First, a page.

I realized I am so lucky. I am free to travel, to photograph, to be educated, to do whatever I like. Yes, I have suffered in the last ten years from people who didn't value me, didn't love me, didn't show me the love and respect I deserved. Still, I have it so much better than those in Vietnam. For the first time in my life, after years of solo trips away, I was homesick in Vietnam. Not just for family but amazing friends, clean air, green landscapes, wild waves, fresh rain, mucky dogs running through fields with enthusiastic abandon, welly boots, clean rivers and simple living. I vowed that if I made it back to Ireland, I would treasure my life and change things to feed the hunger I had for community, simple living and a life filled with love that was in alignment with my values because I could. Because I was privileged.



The day after my birthday, I went west, just outside Lahinch. I took a small bag packed with a few clothes that I was happy to get mucky from digging in a wet field on a farm in Moy. I decided on my birthday that I wouldn't waste time saying "I'll do that tomorrow". If things like living in a community, growing food, helping those working towards something valuable, being out in the open air were important to me, I wasn't going to waste any time talking about it. I have the privilege of being able to assume that I will live for another thirty years when so many others do not. That being the case, I plan to make the most of those thirty years. I am not going to live it wishing for a different life, different circumstances, living out my days hoping to appease others or take a job or a partner to seek approval. I write this as I start to pack up a few belongings like cookbooks to share dinners for groups of hungry workers for the farm, my surfboard for ocean respite, some jewelry supplies to make gifts for others and potting trays to donate to the local community garden. After fifteen years of moving around the world, I'm coming back to where it all began for me, the first place in Ireland I felt I belonged.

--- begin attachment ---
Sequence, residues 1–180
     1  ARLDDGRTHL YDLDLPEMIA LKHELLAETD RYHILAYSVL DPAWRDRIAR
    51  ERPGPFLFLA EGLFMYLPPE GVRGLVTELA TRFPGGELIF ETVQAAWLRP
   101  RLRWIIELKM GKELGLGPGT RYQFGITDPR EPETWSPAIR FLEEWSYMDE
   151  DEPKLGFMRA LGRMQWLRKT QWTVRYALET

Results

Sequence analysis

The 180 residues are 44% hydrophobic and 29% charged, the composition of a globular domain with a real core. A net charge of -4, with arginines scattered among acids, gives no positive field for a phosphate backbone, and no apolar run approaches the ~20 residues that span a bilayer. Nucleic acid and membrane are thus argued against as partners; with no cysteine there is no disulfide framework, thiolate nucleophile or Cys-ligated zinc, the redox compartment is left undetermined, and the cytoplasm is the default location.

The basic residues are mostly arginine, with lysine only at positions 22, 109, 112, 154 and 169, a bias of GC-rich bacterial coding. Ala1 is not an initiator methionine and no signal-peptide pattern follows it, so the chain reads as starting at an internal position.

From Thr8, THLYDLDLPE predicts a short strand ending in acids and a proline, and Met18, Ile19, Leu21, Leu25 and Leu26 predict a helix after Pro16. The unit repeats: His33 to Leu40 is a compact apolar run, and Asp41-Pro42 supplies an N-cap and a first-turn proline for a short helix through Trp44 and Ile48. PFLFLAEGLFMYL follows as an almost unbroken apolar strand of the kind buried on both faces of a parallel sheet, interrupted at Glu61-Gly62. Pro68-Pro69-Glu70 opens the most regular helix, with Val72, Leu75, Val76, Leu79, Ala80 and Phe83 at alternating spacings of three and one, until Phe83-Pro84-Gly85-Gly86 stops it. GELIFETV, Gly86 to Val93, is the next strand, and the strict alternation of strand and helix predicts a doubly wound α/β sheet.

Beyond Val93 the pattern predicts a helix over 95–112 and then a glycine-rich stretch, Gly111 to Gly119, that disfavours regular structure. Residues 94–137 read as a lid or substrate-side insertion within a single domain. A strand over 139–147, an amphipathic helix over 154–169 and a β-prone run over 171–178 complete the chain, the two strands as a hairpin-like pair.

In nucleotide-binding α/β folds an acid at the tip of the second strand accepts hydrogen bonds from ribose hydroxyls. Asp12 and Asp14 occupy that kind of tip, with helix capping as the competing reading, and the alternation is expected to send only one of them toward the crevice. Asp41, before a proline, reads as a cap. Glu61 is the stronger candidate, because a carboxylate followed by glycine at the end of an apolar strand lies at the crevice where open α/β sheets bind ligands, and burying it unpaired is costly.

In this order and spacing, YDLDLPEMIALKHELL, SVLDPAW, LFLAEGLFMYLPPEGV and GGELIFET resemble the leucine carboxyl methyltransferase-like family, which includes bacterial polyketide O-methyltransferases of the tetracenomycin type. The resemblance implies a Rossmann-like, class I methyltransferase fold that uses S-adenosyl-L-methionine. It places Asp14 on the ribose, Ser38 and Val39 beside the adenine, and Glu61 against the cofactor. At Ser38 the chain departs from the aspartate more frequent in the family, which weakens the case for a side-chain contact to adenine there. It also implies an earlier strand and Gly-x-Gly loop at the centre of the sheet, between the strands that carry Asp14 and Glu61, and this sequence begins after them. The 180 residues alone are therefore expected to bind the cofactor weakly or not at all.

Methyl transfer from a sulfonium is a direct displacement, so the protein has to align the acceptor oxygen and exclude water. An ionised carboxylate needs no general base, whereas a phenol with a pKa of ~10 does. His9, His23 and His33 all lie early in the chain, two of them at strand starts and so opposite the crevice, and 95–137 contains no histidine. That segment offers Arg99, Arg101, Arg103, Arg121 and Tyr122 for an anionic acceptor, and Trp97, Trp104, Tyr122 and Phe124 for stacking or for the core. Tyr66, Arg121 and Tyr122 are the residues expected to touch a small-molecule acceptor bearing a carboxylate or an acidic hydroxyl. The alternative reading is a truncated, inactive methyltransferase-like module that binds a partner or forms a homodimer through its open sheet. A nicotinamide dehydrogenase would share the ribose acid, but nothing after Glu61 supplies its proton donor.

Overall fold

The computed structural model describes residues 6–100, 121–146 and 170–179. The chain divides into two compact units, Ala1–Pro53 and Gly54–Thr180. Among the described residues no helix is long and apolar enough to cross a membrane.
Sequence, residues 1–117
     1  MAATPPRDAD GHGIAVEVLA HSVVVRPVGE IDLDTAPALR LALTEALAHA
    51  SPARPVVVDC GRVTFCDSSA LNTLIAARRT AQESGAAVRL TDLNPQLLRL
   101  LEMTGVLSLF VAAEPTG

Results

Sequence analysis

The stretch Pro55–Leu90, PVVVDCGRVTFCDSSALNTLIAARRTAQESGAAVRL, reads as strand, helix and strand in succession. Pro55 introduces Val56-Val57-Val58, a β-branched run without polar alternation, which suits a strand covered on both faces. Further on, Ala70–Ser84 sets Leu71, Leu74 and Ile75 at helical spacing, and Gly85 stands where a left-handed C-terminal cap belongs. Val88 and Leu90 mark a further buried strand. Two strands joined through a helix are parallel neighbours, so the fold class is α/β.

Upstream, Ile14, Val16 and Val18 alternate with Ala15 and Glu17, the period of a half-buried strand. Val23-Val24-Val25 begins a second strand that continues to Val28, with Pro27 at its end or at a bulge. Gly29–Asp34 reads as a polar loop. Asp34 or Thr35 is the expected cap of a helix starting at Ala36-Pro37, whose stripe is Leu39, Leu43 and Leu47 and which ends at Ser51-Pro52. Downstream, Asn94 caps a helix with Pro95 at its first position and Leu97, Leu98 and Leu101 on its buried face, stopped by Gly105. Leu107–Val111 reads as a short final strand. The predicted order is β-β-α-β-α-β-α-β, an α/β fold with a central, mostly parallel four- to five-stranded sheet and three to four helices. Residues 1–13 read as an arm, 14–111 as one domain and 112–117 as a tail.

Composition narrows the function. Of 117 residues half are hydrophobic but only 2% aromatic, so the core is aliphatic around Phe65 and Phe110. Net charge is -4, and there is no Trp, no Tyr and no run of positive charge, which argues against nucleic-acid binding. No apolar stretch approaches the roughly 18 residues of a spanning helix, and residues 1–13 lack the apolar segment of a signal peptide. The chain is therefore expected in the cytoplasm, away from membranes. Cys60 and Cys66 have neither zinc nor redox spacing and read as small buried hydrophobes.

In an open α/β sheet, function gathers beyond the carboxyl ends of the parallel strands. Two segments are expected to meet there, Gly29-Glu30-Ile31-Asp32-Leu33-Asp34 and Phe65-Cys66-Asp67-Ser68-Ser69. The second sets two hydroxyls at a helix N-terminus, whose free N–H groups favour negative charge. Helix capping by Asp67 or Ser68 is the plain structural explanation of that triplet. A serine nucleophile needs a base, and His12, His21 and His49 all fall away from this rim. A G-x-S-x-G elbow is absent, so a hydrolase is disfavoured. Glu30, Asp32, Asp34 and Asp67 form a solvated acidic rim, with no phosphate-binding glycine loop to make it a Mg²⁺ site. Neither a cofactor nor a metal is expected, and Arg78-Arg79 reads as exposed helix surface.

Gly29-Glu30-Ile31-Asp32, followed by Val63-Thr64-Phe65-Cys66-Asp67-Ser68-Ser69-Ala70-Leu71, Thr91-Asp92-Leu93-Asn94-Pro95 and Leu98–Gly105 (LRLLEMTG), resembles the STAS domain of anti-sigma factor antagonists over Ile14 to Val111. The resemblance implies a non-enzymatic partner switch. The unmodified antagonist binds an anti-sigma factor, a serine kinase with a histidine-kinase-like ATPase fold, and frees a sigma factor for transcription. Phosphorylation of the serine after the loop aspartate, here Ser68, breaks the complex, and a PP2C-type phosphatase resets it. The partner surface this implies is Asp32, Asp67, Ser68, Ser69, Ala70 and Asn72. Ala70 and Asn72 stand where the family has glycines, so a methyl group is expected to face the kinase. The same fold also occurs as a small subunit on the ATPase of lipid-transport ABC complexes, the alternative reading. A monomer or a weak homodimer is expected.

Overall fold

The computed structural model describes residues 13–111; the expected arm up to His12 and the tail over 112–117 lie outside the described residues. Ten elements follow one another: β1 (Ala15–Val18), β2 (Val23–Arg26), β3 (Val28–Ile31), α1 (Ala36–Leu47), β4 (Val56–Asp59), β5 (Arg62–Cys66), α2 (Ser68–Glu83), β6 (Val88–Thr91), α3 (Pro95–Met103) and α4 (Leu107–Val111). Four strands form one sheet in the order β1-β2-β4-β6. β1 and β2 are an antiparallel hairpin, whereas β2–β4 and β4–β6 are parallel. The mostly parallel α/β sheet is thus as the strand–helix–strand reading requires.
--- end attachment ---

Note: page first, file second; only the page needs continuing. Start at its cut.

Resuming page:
I've learnt so much from this hunger and homesickness it's the beauty of following my heart, believing in my strength, trusting my gut, surrounding myself with people I care about who love me and accept me just as I am. I've stopped being afraid to ask myself what's wrong when I get depressed, to inquire about my values and change my lifestyle and outlook accordingly. I've lost the fear of what the core of me longs for. We can travel, have relationships, live in a multitude of locations, drift in and out of friendships and family ties but we will always be homesick for ourselves, the home within, unless we take a look at why we feel so hungry for meaning and to feed that need with love, freedom and compassion. Because we can.


Coming home is also coming back to this online space to share stories and recipes. I haven't forgotten about the food. Porridge with cinnamon, mashed potato and brown bread never tasted so good since coming back to Ireland. I also didn't have a kitchen in Vietnam and am between places right now. Having said that, I'm excited about Spring, sorrel salads, the last of beetroot goodness, baking and making 2016 the year I give to markets, fermenting, wild harvesting and food bartering goodness!